With the world buzzing about Web 2.0 and software changing in some pretty significant ways, one question that leaders should ask but never do is, “Is my company becoming a dinosaur?”
Maybe it’s because people don’t want to know, or perhaps it’s that life can be pretty good for the last dinosaur as you seem to have the whole swamp to yourself.
Once you stop innovating, you’re stuck in the status quo, and if—really when—the world changes, you’ll be unable to adapt. Your company’s name will be added to the corporate “Where are they now?” file.
As a public service, I’ve compiled a list of signs that your company may not be as nimble and innovative as it needs to be to defeat challenges from upstart competitors.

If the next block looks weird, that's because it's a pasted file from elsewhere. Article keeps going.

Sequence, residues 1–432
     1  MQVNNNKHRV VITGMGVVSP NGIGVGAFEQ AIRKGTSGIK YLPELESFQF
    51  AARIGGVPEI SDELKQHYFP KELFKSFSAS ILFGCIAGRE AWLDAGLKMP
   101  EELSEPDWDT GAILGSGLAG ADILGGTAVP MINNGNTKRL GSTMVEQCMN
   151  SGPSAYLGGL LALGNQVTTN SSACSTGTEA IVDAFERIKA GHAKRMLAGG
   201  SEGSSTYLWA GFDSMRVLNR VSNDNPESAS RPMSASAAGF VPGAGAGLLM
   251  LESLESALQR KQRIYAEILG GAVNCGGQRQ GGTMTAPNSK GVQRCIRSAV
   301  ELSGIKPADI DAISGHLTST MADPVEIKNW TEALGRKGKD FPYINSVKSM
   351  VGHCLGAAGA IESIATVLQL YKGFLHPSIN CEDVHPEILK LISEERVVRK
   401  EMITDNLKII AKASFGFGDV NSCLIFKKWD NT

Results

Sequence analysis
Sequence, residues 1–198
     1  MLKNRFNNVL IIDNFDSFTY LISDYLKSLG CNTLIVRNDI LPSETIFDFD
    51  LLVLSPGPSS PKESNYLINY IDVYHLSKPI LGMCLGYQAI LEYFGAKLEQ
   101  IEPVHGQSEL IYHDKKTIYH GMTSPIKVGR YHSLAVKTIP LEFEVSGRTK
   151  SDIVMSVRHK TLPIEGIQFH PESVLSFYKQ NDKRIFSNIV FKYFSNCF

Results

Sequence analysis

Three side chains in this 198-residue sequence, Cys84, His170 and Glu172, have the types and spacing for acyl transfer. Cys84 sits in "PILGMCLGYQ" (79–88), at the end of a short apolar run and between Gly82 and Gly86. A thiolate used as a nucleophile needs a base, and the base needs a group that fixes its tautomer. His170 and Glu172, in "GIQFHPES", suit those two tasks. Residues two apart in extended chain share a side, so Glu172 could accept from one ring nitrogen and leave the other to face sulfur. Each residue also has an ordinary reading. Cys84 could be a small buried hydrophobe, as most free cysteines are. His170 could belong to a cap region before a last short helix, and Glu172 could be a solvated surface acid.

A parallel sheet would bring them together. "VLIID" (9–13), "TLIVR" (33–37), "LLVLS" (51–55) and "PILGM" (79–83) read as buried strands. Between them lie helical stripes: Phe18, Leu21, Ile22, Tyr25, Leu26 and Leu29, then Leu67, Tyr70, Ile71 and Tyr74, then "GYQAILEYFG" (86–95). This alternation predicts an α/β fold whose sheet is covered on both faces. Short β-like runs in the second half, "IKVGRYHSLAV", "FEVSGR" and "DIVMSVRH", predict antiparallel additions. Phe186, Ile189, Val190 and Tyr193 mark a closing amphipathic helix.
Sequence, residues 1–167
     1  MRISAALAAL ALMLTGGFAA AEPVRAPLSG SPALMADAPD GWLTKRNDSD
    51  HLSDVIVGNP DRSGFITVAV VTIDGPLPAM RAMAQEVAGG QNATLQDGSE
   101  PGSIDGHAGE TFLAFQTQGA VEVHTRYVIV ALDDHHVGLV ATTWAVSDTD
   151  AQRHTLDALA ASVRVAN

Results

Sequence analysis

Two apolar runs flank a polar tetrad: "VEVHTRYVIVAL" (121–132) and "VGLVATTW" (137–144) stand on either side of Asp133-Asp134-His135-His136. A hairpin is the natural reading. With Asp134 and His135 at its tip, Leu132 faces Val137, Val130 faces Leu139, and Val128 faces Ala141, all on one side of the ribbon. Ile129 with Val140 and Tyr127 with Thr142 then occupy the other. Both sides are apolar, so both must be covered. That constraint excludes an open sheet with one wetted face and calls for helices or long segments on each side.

Your company might be a dinosaur if…
- It feels entitled to its market.
- It finds $20 million opportunities too small to be worth going after.
- It buys innovative, small companies, and then screws them up.
- It grows revenue by reducing margins.
- Routine decisions must be reviewed by Legal even though it is neither operating under a consent decree nor in a regulated market.
- It is slow to adapt to changes in the market.
- It is more worried about the internal implications of decisions than their impact on the market.
- When considering buying an innovative company or technology, Engineering says, “We can build a better one.”
- Growing at the same rate as the S&P 500 is seen as success.
- It is afraid to communicate with its customers out of fear about what they’ll say.
While the last dinosaur can go on living for a long time, it’s a very poor long-term business strategy, and probably not what the investors have in mind.
However, take heart in knowing that unlike the real dinosaurs it is never too late to change. If the tired old IBM of the early 1990s can reinvent itself as a successful services company, so can yours.